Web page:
Corbin, Kentucky is mine. The damp, heavy woods in summer, the sharp stones in the creek, the Potter boys and our tadpole farm attempts and then the early morning disbelief when we found our pools were empty. We didn’t understand that they’d probably just gotten on with their lives; we felt a darker thing at work.

The tree house just behind the Potter’s property is mine. The Donald Duck comic books we read aloud, the porn left behind from the neighborhood teenager’s failed tree house coup, the worms we threw at future intruders, scrapes on our knees from slipping on the muddy ladder.

The tiny balcony off the upstairs dining room is mine. I would live out there for hours with a boom box and perform to the attentive woods. Once, with Bon Jovi as my soundtrack, the wind was mine and I bent it and forced it to charge and sway. I was relentless, but the trees were forgiving.

The rusty nail I stepped on was mine. I never had shoes on, but had no fear of snakes or ticks and no repercussions, save for that nail. I changed it to “probably just a sharp stick” when I heard talk of Tetanus and I’ve survived to tell the story.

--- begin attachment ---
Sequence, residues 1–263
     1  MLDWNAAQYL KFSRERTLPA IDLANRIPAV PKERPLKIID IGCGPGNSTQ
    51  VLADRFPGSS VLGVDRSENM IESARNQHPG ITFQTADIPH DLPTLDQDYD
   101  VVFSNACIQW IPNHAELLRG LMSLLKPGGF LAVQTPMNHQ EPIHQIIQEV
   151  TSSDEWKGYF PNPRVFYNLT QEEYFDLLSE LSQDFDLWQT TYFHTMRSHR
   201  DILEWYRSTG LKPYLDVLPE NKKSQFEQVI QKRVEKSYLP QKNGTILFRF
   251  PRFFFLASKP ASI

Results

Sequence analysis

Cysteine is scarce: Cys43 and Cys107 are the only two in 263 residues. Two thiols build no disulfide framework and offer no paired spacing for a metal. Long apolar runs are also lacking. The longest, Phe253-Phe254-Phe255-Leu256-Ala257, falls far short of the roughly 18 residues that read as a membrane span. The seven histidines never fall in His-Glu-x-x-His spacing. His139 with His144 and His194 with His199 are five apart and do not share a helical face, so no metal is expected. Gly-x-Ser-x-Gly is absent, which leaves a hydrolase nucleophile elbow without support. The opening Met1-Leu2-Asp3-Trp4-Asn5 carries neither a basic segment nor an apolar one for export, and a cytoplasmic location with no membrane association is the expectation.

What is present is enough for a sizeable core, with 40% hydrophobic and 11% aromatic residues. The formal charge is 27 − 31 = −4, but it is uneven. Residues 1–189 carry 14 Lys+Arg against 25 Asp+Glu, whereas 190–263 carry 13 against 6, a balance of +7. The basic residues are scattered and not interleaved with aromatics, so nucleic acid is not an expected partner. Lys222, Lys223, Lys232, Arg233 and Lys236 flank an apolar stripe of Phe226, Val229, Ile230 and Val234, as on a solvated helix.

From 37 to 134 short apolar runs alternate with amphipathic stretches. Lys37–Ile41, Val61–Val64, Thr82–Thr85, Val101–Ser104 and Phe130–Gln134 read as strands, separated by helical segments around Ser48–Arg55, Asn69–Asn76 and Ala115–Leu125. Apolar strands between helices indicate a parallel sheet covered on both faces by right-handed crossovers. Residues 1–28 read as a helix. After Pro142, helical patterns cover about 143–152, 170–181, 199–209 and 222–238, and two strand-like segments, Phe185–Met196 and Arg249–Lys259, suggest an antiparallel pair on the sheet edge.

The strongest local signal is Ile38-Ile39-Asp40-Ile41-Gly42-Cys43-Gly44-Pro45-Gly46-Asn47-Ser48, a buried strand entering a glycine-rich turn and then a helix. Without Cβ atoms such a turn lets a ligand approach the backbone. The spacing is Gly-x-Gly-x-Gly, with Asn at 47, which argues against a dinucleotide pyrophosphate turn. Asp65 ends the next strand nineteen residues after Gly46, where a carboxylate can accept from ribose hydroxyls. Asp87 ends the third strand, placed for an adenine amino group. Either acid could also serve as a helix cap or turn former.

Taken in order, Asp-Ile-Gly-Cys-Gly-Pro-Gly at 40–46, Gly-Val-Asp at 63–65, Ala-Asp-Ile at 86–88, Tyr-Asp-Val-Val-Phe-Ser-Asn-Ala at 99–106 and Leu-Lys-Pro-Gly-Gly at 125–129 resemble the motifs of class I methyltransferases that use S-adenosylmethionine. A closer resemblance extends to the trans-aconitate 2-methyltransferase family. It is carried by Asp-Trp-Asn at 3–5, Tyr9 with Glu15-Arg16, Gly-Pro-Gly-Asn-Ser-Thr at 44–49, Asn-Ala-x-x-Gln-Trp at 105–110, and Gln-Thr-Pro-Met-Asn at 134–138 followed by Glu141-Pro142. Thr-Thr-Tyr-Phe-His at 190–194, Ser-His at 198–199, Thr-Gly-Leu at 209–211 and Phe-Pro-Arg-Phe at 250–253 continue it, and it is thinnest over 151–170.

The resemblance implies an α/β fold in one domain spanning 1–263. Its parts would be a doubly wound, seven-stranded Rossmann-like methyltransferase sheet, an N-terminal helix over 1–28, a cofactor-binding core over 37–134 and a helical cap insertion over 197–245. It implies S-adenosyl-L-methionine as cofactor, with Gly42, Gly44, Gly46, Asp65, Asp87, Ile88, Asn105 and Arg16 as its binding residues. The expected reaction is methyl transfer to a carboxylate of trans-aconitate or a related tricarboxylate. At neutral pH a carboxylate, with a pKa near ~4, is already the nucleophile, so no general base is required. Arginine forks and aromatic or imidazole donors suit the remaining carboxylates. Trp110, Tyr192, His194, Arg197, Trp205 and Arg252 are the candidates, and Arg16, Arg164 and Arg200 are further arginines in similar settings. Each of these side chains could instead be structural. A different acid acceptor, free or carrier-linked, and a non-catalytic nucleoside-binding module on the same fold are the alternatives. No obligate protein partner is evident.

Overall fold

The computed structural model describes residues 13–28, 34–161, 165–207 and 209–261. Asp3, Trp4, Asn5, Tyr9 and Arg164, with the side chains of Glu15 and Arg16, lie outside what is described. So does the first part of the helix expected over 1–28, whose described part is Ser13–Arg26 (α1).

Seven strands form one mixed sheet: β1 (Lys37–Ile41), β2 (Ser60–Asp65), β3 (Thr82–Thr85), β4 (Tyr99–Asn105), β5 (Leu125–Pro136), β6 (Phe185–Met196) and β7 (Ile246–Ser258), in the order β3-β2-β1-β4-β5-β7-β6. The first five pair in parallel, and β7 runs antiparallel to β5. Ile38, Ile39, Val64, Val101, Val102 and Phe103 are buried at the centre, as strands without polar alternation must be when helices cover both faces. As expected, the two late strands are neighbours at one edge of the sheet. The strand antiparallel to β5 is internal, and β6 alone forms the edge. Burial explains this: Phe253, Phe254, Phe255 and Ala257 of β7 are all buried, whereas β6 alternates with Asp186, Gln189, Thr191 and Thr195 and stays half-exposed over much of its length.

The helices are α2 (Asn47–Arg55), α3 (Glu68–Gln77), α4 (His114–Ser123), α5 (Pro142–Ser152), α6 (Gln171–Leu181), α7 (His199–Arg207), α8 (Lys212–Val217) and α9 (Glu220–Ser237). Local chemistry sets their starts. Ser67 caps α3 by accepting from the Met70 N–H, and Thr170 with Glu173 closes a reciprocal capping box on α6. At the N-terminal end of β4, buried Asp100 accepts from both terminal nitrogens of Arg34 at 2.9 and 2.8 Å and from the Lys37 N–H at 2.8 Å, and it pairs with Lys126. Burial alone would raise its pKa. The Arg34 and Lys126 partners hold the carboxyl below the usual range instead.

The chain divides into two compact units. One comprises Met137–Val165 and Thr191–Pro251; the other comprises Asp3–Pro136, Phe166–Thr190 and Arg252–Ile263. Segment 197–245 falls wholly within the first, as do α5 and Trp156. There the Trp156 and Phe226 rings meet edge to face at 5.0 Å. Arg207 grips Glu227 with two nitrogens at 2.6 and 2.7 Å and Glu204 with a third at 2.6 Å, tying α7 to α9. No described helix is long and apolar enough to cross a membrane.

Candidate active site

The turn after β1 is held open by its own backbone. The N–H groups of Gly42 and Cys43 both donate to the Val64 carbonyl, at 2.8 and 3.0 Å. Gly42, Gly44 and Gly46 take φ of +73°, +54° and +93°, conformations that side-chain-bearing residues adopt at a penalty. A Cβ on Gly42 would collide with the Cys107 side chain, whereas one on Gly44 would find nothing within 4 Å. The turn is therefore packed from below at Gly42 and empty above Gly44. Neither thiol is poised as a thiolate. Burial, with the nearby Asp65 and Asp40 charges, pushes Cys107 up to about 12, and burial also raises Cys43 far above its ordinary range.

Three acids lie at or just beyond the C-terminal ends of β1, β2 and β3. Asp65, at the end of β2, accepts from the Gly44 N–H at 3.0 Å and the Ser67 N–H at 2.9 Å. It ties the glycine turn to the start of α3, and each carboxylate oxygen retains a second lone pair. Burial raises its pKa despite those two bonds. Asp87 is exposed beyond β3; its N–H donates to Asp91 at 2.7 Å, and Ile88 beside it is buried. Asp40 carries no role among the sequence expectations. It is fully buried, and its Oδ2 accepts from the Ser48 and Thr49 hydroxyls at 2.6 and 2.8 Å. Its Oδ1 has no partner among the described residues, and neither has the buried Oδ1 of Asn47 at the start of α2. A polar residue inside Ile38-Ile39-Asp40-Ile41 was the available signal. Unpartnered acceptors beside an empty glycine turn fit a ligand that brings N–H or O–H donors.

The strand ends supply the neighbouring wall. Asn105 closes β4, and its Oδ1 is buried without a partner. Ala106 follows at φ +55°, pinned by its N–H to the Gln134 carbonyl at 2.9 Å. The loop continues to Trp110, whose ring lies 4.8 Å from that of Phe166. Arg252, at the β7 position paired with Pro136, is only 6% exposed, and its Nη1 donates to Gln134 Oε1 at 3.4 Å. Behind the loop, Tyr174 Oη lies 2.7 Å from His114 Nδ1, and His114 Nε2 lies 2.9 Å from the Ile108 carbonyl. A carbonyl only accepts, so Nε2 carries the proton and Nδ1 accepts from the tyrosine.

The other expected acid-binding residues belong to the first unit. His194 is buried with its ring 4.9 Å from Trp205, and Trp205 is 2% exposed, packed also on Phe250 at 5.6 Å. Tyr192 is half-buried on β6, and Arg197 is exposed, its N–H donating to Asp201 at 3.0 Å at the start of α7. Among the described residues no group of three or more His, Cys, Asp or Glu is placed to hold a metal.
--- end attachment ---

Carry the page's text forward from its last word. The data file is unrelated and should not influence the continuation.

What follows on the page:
I can feel how heavy the wood was, how thick the air. I can hear the creek and taste the dirt. I look up now and can cry thinking about the way those limbs would sway over me. There was both danger and sanctuary, tangled and strong from root to leaf.

My job was to get lost and build forts. To cast spells with mushrooms and slime, collect the feathers and bones from the damp piles the predators would leave behind and then to let it all go. The trees would handle everything else.

I'm a singer/songwriter, photographer, nature, food and book enthusiast with a story to tell and that my website is lizakate.tumblr.com

Liza takes classes with Valley.